The British pound doesn’t cease surprising. Its response to the defeat of Theresa Mays’s divorce plan in the UK Parliament gets the bears to regret. Those, who expected the GBP/USD drop down to 1.15, counting on no-deal Brexit, have to look for arguments to justify themselves. The markets signal the sterling bullish outlook: volatility declines, call options premiums are up to 7-year high. Many will close with profits if the pound goes up to $1.35 and higher.
Dynamics of GBP volatility
The fact that the UK Prime Minister managed to defeat no-non confidence motion and is now preparing a plan B at the beginning of the week ending January 25, only partially can explain the pound steady growth. Even if the EU won’t make concessions and is now announcing higher risks of messy Brexit, but, in fact, the GBP trend will be determined in London, rather than in Brussels. Article 50 of the Treaty of Lisbon gives any EU member state the right not to set a particular withdrawal date; therefore May 29 is not a doomsday for the GBP/USD. Furthermore, the rejection of plan A by policy-makers increases the chances for soft Brexit or the second referendum on the EU membership.
The members of parliament perfectly understand the results of messy Brexit, therefore, the plan of custom union or maintained access to the single market is still to be discussed. BNP Paribas believes that the chances of the second referendum are higher and forecasts the pound rally up to $1.36, According to the last polls of YouGov, the number of the British people who want to stay in the European Council is sharply increasing. It seems that most of the negative has already been priced in the sterling rate, and the reversal risks (the difference between premiums of call and put options) signal that the GBP situation will improve.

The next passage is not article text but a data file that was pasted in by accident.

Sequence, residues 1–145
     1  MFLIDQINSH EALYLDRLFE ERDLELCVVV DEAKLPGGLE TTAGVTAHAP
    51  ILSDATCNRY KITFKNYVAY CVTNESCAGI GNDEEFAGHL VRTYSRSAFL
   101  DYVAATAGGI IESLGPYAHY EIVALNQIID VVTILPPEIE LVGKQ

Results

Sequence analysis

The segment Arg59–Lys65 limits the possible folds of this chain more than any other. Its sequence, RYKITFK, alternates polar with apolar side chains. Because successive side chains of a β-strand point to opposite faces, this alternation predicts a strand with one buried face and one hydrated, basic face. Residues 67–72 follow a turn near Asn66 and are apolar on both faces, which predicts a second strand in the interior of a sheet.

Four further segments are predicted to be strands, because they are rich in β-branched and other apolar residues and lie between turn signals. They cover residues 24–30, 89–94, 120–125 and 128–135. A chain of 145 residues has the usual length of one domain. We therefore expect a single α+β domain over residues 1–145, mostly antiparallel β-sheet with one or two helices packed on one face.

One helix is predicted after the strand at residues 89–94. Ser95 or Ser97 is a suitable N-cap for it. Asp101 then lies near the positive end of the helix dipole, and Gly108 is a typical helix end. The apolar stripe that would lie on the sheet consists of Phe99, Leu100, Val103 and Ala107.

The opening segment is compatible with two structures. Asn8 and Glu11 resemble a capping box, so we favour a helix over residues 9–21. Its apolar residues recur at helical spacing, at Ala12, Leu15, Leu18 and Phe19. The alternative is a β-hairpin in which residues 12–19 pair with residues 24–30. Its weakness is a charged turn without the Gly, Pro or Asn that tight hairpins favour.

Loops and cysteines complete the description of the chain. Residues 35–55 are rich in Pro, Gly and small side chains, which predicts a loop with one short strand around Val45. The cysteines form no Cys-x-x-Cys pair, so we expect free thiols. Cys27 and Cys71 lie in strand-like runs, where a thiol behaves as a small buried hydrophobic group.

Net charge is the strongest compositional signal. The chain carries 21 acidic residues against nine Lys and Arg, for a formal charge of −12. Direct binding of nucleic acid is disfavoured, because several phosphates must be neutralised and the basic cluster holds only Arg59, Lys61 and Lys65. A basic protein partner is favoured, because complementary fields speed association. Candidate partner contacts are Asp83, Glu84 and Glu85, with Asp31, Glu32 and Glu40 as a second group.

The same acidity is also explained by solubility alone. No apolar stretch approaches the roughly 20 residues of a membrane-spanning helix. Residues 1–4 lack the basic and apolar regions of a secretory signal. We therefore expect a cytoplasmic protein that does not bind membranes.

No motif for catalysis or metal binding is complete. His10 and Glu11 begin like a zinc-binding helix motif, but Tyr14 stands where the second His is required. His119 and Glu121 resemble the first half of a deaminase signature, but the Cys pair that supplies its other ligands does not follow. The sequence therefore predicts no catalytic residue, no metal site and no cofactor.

Dynamics of GBP/USD risk reversals
In fact, uncertainty remains, pressing down the UK PMI, setting back the business investments and the UK GDP rate. Therefore, those, who claim that the divorce deal will get the Bank of England to raise the interest rate as early as at the first meeting after the historical date, are wrong. It is more likely that BoE will wait and see amid the slower inflation growth. This fact encourages Merian Global Investors to suggest a limited potential for the GBP/USD rise. According to the company, the pair should rise by 5-8%, rather than to return to the levels, recorded before the referendum in 2016.
In my opinion, the wait-and-see approach to trading GBP/USD is still relevant. Pound bullish outlook is getting more distinct, which, amid a long pause in the Fed monetary normalization, increases the chances for an uptrend emerging. Nevertheless, it is not safe to enter longs without a considerable improvement of the UK political environment. That is why it will be relevant to buy GBP/USD at from levels, lower than the currently traded ones, or from a level, higher than 1.3.
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